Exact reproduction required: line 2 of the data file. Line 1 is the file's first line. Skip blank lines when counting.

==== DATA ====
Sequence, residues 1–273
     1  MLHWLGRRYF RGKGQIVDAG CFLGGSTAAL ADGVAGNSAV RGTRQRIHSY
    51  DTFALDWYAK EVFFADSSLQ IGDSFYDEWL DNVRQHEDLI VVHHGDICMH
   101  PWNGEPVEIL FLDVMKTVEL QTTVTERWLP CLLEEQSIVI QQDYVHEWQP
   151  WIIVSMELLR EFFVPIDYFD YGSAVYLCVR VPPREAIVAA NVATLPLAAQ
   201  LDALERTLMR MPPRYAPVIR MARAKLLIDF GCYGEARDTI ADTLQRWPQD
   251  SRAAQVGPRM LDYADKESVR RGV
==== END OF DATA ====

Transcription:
     1  MLHWLGRRYF RGKGQIVDAG CFLGGSTAAL ADGVAGNSAV RGTRQRIHSY